I was watching a news clip video this morning, at Mad Priest's. It was lovely, a lovely editorial piece, delivered with conviction and passion, about Prop 8 and love and God and everything. Thinking, my cousin Michael will like this and I'll send it to him. My cousin Michael lives 40 miles away. He was born in England, because his mother was English and his parents lived in South America, and his mother wanted him to have an English passport. (I may have mentioned that my family ranges from dysfunctional to off-the-map-lunatic -- nothing milder than that. One WOULD take a long boat trip, heavily pregnant, in 1951, to make sure one's eldest child had the correct passport.) Michael moved to Canada 35 years ago. We would talk on the phone sometimes, but the first time I met him in person was at my first stepfather's funeral in January 1993,
It was funny. He's three years older than me, almost, raised on a different continent, sent to school in England. Our grandmothers were sisters; he was some other order of relative than cousin, but he's my age, and that's how we call 'em in our family. We have very compatible religious and social and political views. We got drunk together one night, very early in our knowing each other, and had a hilarious time, describing the things about which we were totally unjustifiably unreasonable, and finding out that we both said the same horrible things to our life-partners because of them. Genetics, I guess. He's been on my mind and in my prayers a lot recently. In January he fell down stairs at work and busted up his collarbone badly enough that it took three surgeries to repair it. In one of the series of tests, they did a CT scan and found a something, a one-eighth inch something, in the top of his left lung. That was in the summer. We both knew before the test results came back -- he smokes three packs a day. Last week, he had a quarter of his left lung removed. They biopsied some other parts of both lungs. He'll get the results on the 25th.
Michael and my husband get along well, even after my marriage break-up. My husband called me just now at work, and said that Michael had called his place because he's lost (again) my phone numbers at work and for my cell. His father died in the night. Terry had a massive stroke, I dunno when exactly, and got recovered enough that they moved him out of ICU and into a ward. He saw all his kids, and I think all his grandkids. Michael saw him yesterday, and Terry died 15 minutes after he left. His wife and daughter were with him.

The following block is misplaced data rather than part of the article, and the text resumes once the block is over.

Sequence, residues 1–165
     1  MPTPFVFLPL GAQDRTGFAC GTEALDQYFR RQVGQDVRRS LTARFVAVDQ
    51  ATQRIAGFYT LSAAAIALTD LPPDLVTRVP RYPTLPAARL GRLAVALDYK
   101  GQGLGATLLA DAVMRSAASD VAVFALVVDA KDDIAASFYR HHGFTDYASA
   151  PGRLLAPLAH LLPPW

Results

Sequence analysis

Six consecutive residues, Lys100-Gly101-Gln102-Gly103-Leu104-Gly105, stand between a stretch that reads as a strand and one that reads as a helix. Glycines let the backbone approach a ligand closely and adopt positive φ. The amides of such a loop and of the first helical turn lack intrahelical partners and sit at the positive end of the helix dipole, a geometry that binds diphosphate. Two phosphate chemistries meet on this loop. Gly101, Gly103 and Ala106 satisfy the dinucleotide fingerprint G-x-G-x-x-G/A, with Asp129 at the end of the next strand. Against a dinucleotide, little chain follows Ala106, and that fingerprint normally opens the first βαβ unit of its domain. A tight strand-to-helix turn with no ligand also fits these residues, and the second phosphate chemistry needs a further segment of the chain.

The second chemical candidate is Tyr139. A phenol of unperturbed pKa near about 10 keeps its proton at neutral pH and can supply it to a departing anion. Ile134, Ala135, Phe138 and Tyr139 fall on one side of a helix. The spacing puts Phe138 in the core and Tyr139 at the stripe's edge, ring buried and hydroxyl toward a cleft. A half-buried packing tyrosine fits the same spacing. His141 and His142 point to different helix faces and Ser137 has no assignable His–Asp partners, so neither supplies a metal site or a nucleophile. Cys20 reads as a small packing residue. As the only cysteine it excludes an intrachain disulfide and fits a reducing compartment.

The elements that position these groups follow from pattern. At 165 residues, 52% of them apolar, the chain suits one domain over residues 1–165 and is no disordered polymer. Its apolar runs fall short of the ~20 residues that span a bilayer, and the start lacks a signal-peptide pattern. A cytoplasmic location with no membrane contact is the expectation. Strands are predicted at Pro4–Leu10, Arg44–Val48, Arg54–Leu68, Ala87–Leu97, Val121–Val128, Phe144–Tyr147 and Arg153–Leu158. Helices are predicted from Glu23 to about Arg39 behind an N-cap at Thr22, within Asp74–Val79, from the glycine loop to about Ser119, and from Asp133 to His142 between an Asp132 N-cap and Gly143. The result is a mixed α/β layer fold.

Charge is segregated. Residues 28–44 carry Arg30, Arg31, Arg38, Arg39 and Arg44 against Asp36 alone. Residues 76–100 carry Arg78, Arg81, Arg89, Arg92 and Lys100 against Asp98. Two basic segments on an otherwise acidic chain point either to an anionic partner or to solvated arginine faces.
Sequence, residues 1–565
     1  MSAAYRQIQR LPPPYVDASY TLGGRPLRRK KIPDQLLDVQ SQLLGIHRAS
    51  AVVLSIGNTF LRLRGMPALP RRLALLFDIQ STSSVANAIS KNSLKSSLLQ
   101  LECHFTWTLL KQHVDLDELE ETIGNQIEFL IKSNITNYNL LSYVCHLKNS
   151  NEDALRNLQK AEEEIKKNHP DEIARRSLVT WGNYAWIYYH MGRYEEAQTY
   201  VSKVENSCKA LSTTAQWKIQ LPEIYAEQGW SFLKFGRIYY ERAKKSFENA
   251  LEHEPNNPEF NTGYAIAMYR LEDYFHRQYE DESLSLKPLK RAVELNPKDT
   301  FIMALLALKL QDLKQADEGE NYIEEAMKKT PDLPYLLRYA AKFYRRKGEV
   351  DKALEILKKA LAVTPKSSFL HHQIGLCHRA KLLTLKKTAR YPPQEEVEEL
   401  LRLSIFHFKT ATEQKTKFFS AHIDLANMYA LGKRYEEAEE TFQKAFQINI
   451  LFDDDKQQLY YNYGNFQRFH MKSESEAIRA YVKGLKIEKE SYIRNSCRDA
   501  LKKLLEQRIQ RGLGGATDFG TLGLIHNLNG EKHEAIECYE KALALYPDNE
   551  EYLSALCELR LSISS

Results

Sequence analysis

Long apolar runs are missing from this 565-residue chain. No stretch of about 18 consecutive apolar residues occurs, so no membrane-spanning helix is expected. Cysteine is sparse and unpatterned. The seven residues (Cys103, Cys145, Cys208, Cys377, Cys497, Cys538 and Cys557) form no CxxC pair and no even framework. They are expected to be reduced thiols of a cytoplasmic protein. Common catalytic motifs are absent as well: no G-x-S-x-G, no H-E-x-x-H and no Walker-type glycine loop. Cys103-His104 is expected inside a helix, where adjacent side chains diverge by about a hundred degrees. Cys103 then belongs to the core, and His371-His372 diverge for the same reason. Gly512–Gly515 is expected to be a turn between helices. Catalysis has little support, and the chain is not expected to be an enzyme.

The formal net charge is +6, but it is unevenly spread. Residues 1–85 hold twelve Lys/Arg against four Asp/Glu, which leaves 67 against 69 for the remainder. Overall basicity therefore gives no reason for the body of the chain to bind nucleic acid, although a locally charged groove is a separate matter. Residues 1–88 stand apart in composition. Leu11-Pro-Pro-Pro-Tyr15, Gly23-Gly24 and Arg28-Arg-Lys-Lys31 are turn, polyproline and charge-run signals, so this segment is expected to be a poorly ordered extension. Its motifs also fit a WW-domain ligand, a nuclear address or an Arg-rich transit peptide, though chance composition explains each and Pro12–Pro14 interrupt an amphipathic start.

We don't know yet when the services will be -- Michael's mother and brother are going today to make the arrangements. Michael asked if I'd phone my mother's one remaining sister, and tell her. I did, but she was just leaving the Sailors' Memorial after the Remembrance Day service, and asked if she could call me back. I said sure -- there's no need to rush this news. I'll talk to Michael tomorrow and find out when and where the service will be. The aunt I called today may not want to go -- most of the family's been fighting with Michael's mother since 1951, when she did something unforgivable -- married Terry. As I just told my sister, "That doesn't mean one wouldn't do the correct thing in difficult circumstances." If she doesn't want to go, I'll take the train.
I'm tired again. Inside tired, not body tired. Thursday was my Mum's birthday; Friday was my husband's; this coming Thursday is the anniversary of my Mum's death. Today's the anniversary of me having her admitted to hospital, which she'd never wanted, but I had no other choice. I had lunch with an old friend last week, and it's shaken up what I thought I knew about myself and my life. Had a misunderstanding with my best friend on the weekend, and that's always an ache. I need to leave my job -- it's lost almost all of what was joyful in it for me, and I show up and endure days at work. I might find that more bearable if I was getting paid TONS of money, but I doubt it. I miss, ferociously, the kitten I left in Texas -- if you're feeling lonely, bruised and overtired (I played on-line Scrabble with a couple of friends way too late last night), a kitten's a cure-all. I miss life in Texas -- feeling like this right now, I could go lie in the hammock and look up into the trees, which always made me say, "Thank you," to the Force in the Universe that makes them, or I could go find something covered with rust and grind it off and maybe make it into something else. That's restorative, meditative too -- although I'd never have thought that makes noise and metal dust and showers me in sparks would feel meditative. It requires total mindfulness, or it'll tear the skin off your fingers. Ask me how I know. I'm sick of dead people.
What I don't feel is any desire to reshape reality -- either by doing my control-freak-drama-queen routine, or by swallowing something that'll alter my inner reality. I'm tired. Not tired, tired OF. The answer to that is to pray for God's will for me to be revealed and for the power to carry out the vision I'm given. And to share. And to be grateful. Because the truth is, if it never gets any better than it is right this minute, that's okay with me. God's giving me so much, it'd just be churlish to assume I need anything else.